European restrictions on banana imports will face a new challenge at the World Trade Organization next month when Ecuador asks the group to restart a decade-old dispute over what Latin American countries and the United States have previously argued amounts to unfair trade discrimination, officials said Monday.
The WTO has consistently ruled against how the European Union sets tariffs for bananas, forcing the bloc to overhaul a system that grants preferential conditions for producers from African and Caribbean countries, mainly former British and French colonies.
Latin American producers and banana companies based in the United States have long complained that the EU rules favor Caribbean and African producers. The United States, in 1999, and Ecuador a year later both won the right to impose trade sanctions on European goods after the WTO found the EU's rules to be illegal.
Brussels, however, says a new banana tariff established last year EUR176 (US$231) per ton has brought it into compliance with WTO rulings. Ecuador, the world's largest banana producer, asked the EU for consultations in November, and will ask for a formal investigation when the WTO's dispute settlement body meets on March 8, according to an advisory sent Monday to the organization's 150 members.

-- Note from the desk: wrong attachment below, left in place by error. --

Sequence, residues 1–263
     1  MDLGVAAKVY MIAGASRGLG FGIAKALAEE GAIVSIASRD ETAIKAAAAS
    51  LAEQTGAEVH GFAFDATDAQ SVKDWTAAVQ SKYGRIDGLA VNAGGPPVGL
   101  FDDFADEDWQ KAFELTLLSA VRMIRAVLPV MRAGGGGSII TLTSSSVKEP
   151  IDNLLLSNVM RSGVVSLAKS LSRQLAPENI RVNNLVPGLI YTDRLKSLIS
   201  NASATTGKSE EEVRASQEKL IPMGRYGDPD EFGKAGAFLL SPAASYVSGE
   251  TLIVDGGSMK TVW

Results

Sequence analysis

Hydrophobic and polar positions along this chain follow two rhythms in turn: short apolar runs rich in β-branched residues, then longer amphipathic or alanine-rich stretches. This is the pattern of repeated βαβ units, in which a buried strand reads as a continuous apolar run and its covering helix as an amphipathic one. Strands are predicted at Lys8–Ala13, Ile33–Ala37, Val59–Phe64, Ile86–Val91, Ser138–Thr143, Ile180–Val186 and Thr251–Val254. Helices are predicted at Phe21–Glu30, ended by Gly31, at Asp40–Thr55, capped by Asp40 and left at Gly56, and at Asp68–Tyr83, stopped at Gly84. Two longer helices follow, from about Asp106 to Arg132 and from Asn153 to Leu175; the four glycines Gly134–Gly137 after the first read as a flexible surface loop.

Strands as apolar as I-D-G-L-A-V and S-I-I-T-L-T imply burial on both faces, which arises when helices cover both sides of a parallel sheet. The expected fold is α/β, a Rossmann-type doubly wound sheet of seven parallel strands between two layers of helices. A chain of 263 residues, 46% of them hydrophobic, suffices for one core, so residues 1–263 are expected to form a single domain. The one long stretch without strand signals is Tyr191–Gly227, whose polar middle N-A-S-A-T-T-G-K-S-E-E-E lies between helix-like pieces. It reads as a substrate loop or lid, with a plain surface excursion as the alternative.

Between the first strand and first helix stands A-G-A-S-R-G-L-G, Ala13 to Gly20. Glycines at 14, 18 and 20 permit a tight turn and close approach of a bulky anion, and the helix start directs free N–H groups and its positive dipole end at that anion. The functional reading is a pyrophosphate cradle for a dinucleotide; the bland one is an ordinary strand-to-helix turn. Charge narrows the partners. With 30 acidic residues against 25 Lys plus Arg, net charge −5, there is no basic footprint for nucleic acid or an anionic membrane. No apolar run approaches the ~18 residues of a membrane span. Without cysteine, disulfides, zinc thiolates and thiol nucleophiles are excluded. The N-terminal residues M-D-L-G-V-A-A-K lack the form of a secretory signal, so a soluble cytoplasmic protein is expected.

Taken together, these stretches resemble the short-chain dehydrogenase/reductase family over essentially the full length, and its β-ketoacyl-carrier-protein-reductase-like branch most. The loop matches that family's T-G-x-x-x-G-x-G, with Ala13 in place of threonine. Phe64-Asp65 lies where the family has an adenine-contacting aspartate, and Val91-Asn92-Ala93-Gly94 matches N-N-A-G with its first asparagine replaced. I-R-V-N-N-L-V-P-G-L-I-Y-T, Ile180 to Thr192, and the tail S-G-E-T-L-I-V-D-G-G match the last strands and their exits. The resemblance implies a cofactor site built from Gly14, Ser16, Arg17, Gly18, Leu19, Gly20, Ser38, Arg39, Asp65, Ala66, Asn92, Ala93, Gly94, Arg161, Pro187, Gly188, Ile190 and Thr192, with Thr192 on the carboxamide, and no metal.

"As far as we are concerned, we have done what we needed to do," said Michael Mann, a spokesman for EU Agriculture Commissioner Mariann Fischer Boel.
Mann rejected Ecuador's claim, citing figures that the EU had imported more bananas last year from the South American country. "Any idea that they are kept out of the European market is just not true," he told The Associated Press.
Ecuador's mission to the WTO said it could not immediately comment.
Latin American bananas currently have around 60 percent of the market, while African and Caribbean producers have 20 percent, EU officials have said. Bananas grown in the EU mostly on Spanish and French islands account for another 20 percent, reports AP.
The case, originally brought to the Geneva-based trade referee in 1996, spawned a series of linked disputes in the WTO as lawyers wrangled over procedural intricacies and legislation which had previously never been tested.
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